Niner Noise’s “Who Is?” series on 2017 San Francisco 49ers players takes a look at long-snapper Kyle Nelson, finally giving the unknown specialist some love.
Who is San Francisco 49ers long-snapper Kyle Nelson?
Well, if you aren’t exactly familiar with his name, that’s a good thing.
The best long-snappers rarely receive attention around the NFL. And that’s the best kind of specialist here. Good ones, like former 49ers long-snapper Brian Jennings, made names for themselves outside of what they do on the field.
San Francisco 49ers
Because if you know their name, chances are they aren’t performing well on special teams.
Nelson played his college ball at New Mexico State, eventually signing on with the New Orleans Saints as an undrafted free agent in 2011. He bounced around with a few teams before finally finding a long-term home with the Niners in 2014.
Also listed as a tight end, Nelson’s offensive contributions have been nonexistent. And that’s fine. It’s not his job to contribute, offensively.
Instead, he’ll be asked to remain an unknown — yet important — commodity within San Francisco’s special teams unit.
Why He’ll Improve
There isn’t much to say here outside of remaining consistent. The Niners replaced Jennings with Kevin McDermott in 2013, although that only worked out for one season.
The fact Nelson has stayed put for three years says enough. San Francisco has little reason to move on from him right now, and it isn’t as if his name has been associated with poor snaps on field-goal tries and punts.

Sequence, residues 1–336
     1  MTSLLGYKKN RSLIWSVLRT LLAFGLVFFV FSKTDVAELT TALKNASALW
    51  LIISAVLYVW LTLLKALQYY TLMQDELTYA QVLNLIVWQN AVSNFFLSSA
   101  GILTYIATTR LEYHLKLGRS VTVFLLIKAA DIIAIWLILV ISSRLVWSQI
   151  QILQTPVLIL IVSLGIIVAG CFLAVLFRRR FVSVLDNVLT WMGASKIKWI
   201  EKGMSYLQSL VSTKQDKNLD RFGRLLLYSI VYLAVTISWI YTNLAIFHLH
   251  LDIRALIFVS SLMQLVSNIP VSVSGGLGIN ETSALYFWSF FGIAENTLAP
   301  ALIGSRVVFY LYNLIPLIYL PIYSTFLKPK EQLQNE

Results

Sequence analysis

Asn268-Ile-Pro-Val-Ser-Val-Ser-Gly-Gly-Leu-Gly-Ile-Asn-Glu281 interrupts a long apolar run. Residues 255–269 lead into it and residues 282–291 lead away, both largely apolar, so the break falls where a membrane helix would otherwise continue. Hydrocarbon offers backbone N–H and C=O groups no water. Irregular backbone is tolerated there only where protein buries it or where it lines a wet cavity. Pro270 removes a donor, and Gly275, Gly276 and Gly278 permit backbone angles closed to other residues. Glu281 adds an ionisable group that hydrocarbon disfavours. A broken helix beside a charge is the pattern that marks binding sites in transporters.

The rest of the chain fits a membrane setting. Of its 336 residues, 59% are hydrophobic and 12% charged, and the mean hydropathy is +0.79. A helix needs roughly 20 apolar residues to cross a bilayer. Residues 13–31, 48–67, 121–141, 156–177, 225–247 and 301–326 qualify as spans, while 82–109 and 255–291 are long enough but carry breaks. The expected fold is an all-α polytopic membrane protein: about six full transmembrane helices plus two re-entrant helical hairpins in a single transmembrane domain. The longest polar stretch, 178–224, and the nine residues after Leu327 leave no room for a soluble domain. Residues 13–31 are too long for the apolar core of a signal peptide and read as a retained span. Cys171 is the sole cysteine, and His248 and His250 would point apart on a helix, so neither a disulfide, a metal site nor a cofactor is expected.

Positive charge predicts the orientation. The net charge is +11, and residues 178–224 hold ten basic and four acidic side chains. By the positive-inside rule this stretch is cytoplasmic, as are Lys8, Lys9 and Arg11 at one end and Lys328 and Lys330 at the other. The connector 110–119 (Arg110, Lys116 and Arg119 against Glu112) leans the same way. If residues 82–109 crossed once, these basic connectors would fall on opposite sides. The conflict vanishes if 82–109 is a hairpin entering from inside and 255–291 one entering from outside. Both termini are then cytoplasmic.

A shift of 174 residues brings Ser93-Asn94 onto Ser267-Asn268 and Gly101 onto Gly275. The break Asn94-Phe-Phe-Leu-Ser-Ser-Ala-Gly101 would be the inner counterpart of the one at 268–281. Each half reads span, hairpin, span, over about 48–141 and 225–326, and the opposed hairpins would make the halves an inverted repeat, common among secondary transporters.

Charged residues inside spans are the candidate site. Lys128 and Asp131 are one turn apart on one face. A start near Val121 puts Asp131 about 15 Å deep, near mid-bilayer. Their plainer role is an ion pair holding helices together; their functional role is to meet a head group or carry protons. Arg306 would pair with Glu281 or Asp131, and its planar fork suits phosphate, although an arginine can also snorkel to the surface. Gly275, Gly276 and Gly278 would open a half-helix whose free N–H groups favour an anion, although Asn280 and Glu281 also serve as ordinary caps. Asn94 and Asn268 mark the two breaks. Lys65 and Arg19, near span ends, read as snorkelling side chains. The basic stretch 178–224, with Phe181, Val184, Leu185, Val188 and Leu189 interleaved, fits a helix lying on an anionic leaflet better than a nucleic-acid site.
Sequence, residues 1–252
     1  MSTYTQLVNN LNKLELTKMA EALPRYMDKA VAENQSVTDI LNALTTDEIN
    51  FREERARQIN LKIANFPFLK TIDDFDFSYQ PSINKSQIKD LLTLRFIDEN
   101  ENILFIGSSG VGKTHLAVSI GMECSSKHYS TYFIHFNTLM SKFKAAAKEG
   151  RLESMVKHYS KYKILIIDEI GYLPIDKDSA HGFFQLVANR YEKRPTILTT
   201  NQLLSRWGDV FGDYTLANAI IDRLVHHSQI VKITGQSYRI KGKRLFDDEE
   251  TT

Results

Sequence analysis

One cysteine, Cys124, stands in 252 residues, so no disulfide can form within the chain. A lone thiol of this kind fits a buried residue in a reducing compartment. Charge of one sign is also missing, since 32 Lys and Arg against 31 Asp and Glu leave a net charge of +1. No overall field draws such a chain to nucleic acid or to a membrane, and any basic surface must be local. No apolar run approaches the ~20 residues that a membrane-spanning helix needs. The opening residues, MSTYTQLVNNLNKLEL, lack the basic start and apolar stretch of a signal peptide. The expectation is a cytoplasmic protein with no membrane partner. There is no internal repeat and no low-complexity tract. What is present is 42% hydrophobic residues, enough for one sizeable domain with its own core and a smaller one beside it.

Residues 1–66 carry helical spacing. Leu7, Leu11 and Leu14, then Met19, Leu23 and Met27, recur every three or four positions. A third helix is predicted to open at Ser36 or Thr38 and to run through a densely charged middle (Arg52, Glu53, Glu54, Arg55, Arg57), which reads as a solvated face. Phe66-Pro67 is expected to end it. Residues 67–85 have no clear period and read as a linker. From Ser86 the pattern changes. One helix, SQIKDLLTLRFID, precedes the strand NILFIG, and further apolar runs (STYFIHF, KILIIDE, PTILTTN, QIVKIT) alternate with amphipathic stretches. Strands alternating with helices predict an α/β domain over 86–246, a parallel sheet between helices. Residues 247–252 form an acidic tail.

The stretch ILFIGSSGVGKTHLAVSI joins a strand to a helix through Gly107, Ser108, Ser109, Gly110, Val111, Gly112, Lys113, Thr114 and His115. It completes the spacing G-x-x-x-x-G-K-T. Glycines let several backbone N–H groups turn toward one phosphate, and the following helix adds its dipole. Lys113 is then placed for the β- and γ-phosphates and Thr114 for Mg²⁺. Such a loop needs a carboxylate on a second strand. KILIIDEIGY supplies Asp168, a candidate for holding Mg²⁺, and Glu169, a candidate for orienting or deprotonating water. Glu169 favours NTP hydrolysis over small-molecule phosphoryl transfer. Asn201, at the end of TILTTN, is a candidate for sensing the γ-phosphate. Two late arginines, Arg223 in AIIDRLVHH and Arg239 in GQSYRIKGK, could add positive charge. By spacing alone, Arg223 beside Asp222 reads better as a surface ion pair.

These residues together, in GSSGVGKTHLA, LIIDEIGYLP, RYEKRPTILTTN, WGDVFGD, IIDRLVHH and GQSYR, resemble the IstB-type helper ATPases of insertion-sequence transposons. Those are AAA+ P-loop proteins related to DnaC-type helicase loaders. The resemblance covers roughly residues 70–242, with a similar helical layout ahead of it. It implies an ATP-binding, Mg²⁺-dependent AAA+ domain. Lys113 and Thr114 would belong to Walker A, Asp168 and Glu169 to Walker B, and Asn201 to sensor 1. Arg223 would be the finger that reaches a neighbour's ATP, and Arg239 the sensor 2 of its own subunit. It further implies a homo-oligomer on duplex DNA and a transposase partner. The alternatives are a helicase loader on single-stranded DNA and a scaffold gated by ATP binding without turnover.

Nelson is also 30 years old, and this isn’t exactly a rigorous position demanding a heavy toll on one’s body. Jennings was 37 years old when he retired, so it’s safe to say there’s plenty of good football left in Nelson’s body.
Why He’ll Regress
The Niners locked Nelson up through the 2018 season, so the only question mark between now and then is whether or not Nelson begins to struggle at any point.
Previous looks suggest this won’t happen anytime soon, and the only real reason San Francisco might want to move on would be an increase in contract value. And that isn’t something worth discussing for at least another year.
Sure, Nelson could suddenly lose his rhythm and struggle with snaps. But it’s hard to doubt him now.
What to Expect in 2017
With a crowded tight end position, Nelson won’t see much of the field on offense, if at all, this upcoming season.
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That limits him, rightfully so, to his duties on special teams.
A player like Nelson can only be found on the deepest parts of the depth chart. And if he’s doing his job well enough, few will know his name. One can hope the veteran continues this reputation, much like Jennings did during his elongated career with San Francisco.
If so, San Francisco’s special teams will be that much better off.